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Then there is "the Old Lady," a 55-year-old retiree who lives with another woman. Maestro likes her because she always buys a half-ounce, which translates into a lot of cash at once, about $400 with the price break he gives her for quantity. When she calls around midnight, the anticipation in Maestro's voice rises as he reassures her he'll be there within minutes. Stopping by his house, he steps into his bedroom and walks past his gigantic home theater, heading for the top drawer of his desk. Hidden under a sheaf of paper and computer disks is about an ounce of cocaine with a street value of $1100. He pulls out a small electronic scale and, using a tiny spoon, begins to chip off the tiny powdered rocks that, with a little applied pressure, crumble into a fine powder. He then weighs it into small plastic bags. (The compression used to pack the original smuggled shipment causes the cocaine to form these rocks that resemble a pale brick. For the coke connoisseur it is preferable to buy a Baggie with more rocks than powder; it's a sign the product hasn't been cut by adding cornstarch or some other inert substance.)
Maestro leaves his house and heads south to the Old Lady's duplex, which is a little beyond Cutler Ridge. She calls him several times, and each time he spins a new and plausible story to explain his tardiness. With four eightballs in his pocket, he's driving carefully not too fast and not too slow. This will be his last run of the night. Someone else calls him for a gram, but the customer is on South Beach and Maestro won't drive that far unless it's for an eightball or more. Besides, after collecting from the Old Lady, he'll have more than enough money to relax and play poker all night.
Pulling up to the Old Lady's home, he flashes his lights at her window. Mere seconds later, as if she'd been eagerly peering out, she steps forth, drops the cash in her dealer's lap, and engages in small talk while Maestro digs for her Baggies. It's over in less than a minute. "The Old Lady invites me in all the time, but I can imagine what that would be like," Maestro says. "She'd start telling me her life story and shit. I don't want to hear that. I'm in and out. It's better that way."
Maestro's supplier is an "old-school cat," a middle-age Latino who lives in the Cutler Ridge area. According to Maestro, he moves a lot of weight, mostly coke, but also some "elbows," or pounds of pot. Although the supplier offers his sales team credit by allowing them to pay for the drugs after they've sold them, Maestro always pays for his up front. He doesn't want to owe money to anyone, thus avoiding potentially disastrous misunderstandings. Over the course of a week, he will typically sell about two ounces of coke, which cost him $1200. That will leave him with a tax-free profit of between $800 and $1000.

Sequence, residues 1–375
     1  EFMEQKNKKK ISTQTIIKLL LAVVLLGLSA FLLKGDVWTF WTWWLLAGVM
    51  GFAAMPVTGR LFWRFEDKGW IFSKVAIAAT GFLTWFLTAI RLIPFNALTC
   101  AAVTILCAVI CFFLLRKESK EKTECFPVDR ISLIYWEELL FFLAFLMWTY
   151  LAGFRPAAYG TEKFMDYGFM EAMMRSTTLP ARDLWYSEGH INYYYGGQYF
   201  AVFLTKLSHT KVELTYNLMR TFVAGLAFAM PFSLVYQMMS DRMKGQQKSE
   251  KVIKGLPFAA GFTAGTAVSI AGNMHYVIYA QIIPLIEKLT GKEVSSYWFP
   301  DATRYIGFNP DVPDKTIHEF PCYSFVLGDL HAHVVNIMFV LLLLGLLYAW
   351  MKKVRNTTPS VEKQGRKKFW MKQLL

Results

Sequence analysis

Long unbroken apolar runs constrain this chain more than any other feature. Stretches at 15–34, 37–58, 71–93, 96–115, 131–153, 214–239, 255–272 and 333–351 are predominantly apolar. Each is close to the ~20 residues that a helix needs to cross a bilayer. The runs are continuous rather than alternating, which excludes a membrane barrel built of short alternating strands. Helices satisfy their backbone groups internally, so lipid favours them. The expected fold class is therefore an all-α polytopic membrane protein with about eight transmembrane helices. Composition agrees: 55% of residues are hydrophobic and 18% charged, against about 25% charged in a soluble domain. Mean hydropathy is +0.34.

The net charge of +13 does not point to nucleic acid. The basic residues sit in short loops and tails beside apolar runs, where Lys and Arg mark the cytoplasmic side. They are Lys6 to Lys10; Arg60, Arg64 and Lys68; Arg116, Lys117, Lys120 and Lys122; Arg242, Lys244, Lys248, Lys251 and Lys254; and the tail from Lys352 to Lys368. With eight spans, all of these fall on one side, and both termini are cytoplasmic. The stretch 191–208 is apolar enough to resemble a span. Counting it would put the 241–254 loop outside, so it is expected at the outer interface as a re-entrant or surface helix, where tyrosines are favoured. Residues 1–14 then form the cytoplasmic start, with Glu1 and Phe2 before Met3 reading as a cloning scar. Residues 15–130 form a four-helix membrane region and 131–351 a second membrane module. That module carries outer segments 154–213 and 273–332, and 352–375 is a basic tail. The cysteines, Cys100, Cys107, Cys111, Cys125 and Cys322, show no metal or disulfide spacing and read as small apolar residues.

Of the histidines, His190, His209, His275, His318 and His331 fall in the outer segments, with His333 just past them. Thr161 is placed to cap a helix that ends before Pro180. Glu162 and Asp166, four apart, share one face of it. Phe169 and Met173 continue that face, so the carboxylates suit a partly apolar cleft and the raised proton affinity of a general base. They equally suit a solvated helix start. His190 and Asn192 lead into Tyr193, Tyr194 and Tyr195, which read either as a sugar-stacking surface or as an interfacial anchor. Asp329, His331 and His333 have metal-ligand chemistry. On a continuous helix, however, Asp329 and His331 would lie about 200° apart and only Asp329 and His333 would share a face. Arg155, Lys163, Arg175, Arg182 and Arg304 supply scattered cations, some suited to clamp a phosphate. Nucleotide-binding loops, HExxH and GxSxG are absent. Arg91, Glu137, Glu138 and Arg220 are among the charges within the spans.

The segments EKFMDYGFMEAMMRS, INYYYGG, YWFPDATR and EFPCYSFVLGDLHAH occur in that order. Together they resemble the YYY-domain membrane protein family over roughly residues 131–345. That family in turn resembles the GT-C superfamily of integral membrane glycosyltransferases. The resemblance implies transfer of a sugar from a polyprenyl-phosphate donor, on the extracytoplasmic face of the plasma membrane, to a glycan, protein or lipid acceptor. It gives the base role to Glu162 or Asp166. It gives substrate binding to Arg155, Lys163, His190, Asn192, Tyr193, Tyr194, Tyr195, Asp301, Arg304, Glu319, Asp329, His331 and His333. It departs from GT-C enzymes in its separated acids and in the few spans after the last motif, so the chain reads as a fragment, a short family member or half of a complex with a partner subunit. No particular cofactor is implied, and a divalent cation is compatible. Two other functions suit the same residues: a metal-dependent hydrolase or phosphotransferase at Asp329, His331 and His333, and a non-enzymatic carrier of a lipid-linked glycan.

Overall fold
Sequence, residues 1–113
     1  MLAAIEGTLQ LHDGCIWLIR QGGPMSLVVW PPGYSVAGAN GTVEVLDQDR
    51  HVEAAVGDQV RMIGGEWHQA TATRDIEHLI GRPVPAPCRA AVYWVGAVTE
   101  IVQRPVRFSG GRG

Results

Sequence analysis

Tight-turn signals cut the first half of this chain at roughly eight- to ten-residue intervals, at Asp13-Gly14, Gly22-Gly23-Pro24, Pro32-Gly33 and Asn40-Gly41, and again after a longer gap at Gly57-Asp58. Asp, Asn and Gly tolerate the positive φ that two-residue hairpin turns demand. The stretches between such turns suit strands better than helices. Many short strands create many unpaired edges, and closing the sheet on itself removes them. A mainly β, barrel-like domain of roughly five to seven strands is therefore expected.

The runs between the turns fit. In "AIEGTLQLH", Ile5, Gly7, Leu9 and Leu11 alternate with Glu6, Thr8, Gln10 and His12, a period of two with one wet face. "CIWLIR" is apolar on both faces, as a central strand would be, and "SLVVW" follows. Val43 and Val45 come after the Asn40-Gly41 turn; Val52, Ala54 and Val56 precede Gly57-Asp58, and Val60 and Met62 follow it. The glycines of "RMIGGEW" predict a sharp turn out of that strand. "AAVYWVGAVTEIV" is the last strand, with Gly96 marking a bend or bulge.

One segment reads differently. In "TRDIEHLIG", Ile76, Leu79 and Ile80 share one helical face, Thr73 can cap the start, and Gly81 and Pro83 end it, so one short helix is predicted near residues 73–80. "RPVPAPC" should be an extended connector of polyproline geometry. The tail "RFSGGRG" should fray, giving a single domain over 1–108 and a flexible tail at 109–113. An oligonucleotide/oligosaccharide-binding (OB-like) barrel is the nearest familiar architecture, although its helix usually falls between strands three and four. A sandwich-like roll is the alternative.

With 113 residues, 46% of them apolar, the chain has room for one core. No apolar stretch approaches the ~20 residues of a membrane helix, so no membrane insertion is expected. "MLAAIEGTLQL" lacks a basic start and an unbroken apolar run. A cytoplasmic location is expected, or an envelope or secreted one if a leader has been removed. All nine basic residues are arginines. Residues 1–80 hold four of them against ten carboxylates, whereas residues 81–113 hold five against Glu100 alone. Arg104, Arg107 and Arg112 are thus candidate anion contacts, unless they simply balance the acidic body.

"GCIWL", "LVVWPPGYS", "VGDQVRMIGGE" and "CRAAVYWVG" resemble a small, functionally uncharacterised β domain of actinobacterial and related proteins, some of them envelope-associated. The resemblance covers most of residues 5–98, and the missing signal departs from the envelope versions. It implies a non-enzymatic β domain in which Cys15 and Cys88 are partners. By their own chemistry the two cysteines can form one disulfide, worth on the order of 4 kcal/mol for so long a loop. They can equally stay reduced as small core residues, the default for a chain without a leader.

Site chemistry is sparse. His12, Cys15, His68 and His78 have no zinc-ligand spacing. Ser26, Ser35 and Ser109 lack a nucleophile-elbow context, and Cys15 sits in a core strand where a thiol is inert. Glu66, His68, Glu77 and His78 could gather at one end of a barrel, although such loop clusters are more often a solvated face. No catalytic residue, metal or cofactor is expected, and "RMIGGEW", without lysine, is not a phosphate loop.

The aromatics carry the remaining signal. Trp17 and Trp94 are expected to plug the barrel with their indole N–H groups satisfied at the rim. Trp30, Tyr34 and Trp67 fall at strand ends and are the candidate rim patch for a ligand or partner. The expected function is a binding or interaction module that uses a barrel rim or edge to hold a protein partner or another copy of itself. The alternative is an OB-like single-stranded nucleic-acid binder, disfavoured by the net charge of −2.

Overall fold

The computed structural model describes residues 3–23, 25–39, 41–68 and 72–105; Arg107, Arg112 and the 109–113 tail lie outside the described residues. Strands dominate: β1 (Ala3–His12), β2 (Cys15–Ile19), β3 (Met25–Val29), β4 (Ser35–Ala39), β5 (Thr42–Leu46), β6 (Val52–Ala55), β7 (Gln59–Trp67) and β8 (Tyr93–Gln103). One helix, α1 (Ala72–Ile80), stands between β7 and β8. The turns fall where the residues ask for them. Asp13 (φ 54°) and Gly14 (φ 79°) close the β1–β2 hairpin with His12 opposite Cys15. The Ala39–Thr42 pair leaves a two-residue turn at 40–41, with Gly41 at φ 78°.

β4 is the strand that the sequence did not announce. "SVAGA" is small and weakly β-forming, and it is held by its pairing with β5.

No stranger to the legal system, Maestro has been arrested three times for drug possession, two of them with intent to sell marijuana, but has never been convicted. After one of those arrests, in which he was caught with a large amount of weed, he crossed over to cocaine because it's easier to conceal and more lucrative. "The butter will never go out of style here," he quips. "It's everywhere and people want it. They'll either get it from me or someone else, but it's here to stay."
All dopers have stories to tell. Maestro launches into one of his: "One time I was riding out by Miami Lakes with three other friends in the car when all of a sudden I saw flashing lights behind my car. I guess they saw that I had [an arrest] record, so they pulled us all out of the ride and started to search the car. I hid all the Baggies in my left shoe, thinking they wouldn't check there.... They started searching my friends and, one by one, made them take off their shoes. At that point I was like, 'Yeah, I'm going to jail.' Sure enough, the cop tells me to take off my right shoe and checks it, but just then his partner calls him over, and when he came back, he said we could go. He never checked the left one. I was one shoe away from being locked up for a pretty long time, but what are you going to do? That's the nature of the business."
Back at the card game, the players are perspiring, sniffing, and twitching, their eyes dilated. Maestro reaches for his cell phone to call a couple of escorts he knows will accept cocaine rather than cash for their services. It's a tradition at this game that the person who walks away with the most money foots the bill for the ladies of the evening. Maestro is planning ahead. He's certain he'll be tonight's winner.